Exelixis announced that Bristol-Myers Squibb (NYSE:BMY) has exercised its option to develop and commercialize Exelixis’ investigational new drug (IND) candidate XL413, a selective inhibitor of Cdc7.
XL413 is a small molecule inhibitor of the serine-threonine kinase Cdc7. The function of Cdc7 is required for DNA replication to proceed, and its activity is often unregulated in cancer cells. Studies suggest that Cdc7 plays a role in regulation of cell cycle checkpoint control and protects tumor cells from apoptotic cell death during replication stress.
Under the terms of the collaboration agreement between the two companies, which became effective in January 2007, the selection of XL413 by Bristol-Myers Squibb entitles Exelixis to a milestone payment of $20 million. In addition, Exelixis has exercised its option under the collaboration agreement to co-develop and co-commercialize XL413 in the United States. Following the transfer of the XL413 development program, which is expected to occur promptly, Bristol-Myers Squibb will lead all global activities. The parties will co-develop and co-commercialize XL413 in the United States and share those profits 50/50. Exelixis will be entitled to receive double-digit royalties on product sales outside of the United States.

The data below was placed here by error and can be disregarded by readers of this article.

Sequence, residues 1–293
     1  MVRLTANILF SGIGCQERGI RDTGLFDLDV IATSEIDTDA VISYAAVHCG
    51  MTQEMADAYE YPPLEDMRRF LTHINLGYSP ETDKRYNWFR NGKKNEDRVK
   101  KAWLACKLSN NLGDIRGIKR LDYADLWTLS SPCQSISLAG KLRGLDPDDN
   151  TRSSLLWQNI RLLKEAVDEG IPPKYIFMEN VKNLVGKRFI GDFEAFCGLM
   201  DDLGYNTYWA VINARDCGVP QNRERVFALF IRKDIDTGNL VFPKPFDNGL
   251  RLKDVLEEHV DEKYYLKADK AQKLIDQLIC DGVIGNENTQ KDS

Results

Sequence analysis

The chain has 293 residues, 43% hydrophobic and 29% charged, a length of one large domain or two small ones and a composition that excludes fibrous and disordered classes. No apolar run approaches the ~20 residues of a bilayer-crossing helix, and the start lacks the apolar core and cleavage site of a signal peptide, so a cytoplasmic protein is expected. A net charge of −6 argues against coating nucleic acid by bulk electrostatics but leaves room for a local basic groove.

XL413 is the second compound selected by Bristol-Myers Squibb in this collaboration. Previously, in January 2008, Bristol-Myers Squibb exercised its option to select XL139 (in phase 1 trials), an inhibitor of the hedgehog signaling pathway, for further development and commercialization.
This is a pretty innovative and so far, very lucrative deal for both Exelixis and BMS. When the original deal was signed (2001), Elexixis got $60M upfront and was responsible for all development up to IND, at which time, BMS could opt in and pay Exelixis another $20M per program. Even if you’re short on math skills, the $120M upfront for three preclinical programs would be a hard number not to calculate. BMS clearly values both the targets and Exelixis’ platform (by the way, so do Wyeth, Daiichi-Sankyo, GlaxoSmithKline and Genentech).
If you had to press me for a company poised to be a household name someday… the strange amalgam of Excel and Elixir(s) would be on the short list, even with $124M in debt on the balance sheet.